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A2 Psychology 'reinforcement and need satisfaction theory' watch

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    What is the 'reinforcement and need satisfaction theory'

    in a2 aqa psychology
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    And evidence to support this theory
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    The exam is over
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    (Original post by cat_meiow)
    The exam is over
    It not for that, my college started A2, and need this for homework.
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    (Original post by tiger_j000)
    It not for that, my college started A2, and need this for homework.
    Is that something to do with the behavioural approach? :confused:
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    Is this for relationships? If so, I have plenty of stuff I can give you.
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    Reinforcement and Needs Satisfaction
    ~Based on the ntion that a key reason we form relationships is because of the rewards that we recieve from others such as approval and smiling. Foa (1975) claimed rewards can also include sex, status, love and money. These are rewarding because they meet our social needs. E.g. the approval of others satisfies the need for self-esteem.
    ~Bryne (1971) claimed that classical conditioning also plays an important role in determing the effects of reinfocemtn in relationships. He found that positive feelings are created when people express similar attirues to ours, or vice versa. Bryne found that someone whose picture was present was liked more when the participants listening to someone expressing similar attitudes to therir own. He claimed this resembles the way a tone can produce salivation in the classical conditioning dog study.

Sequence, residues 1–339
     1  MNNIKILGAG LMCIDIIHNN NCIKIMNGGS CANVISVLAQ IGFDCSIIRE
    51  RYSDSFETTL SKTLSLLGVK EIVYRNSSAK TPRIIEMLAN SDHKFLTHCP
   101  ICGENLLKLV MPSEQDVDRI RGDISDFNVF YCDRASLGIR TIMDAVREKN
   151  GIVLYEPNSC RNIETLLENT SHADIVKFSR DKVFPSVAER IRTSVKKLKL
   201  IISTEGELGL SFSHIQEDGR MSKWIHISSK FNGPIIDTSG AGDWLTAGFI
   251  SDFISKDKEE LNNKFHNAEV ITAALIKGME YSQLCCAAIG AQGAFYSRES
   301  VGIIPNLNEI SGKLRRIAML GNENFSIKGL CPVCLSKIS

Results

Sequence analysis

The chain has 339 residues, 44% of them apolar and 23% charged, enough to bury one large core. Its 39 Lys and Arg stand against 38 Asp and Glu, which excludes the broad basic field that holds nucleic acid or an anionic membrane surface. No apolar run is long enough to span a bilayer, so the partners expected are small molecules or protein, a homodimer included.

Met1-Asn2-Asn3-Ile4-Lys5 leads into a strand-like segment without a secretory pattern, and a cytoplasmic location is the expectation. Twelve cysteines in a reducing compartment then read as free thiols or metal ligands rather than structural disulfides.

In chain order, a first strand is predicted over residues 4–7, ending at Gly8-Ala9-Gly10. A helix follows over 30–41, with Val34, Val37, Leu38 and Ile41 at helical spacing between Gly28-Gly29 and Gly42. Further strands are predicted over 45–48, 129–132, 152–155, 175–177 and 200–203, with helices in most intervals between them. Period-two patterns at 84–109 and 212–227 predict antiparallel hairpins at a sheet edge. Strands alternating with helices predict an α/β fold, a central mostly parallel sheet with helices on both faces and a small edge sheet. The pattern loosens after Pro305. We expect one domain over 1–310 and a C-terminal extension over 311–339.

Research Support

    Veitch and Griffit (1976) - arranged for single participants to wait in an office while an experimenter went on an errand. The radio was left on and the participant heard two news broadcasts - good or bad. When the experimenter returned, they were asked to fill in a Feelings Scale and to read a questionaire by another participant. The participant was asked to fill in an interpersonal judgement scale to rate the other student. Those who listened to good news responded more postively and felt more attracted to the other participant. The effect was stronger when the other participant had expressed similar attitudes.

    - Does not provide an adeqyate account of interpersonal attraction as it seems only relevant to the early stages of attraction. It also does not explain much about parent/child relationships.
    - Assumes people are selfish and concerned about rewards only.
    - Relevant only to individualistic societyies, and more speculatively, relevant only to men. In many cultures, there is more emphasis on females than on males learning to be attentive to the needs of others (Lott, 1994).
 
 
 
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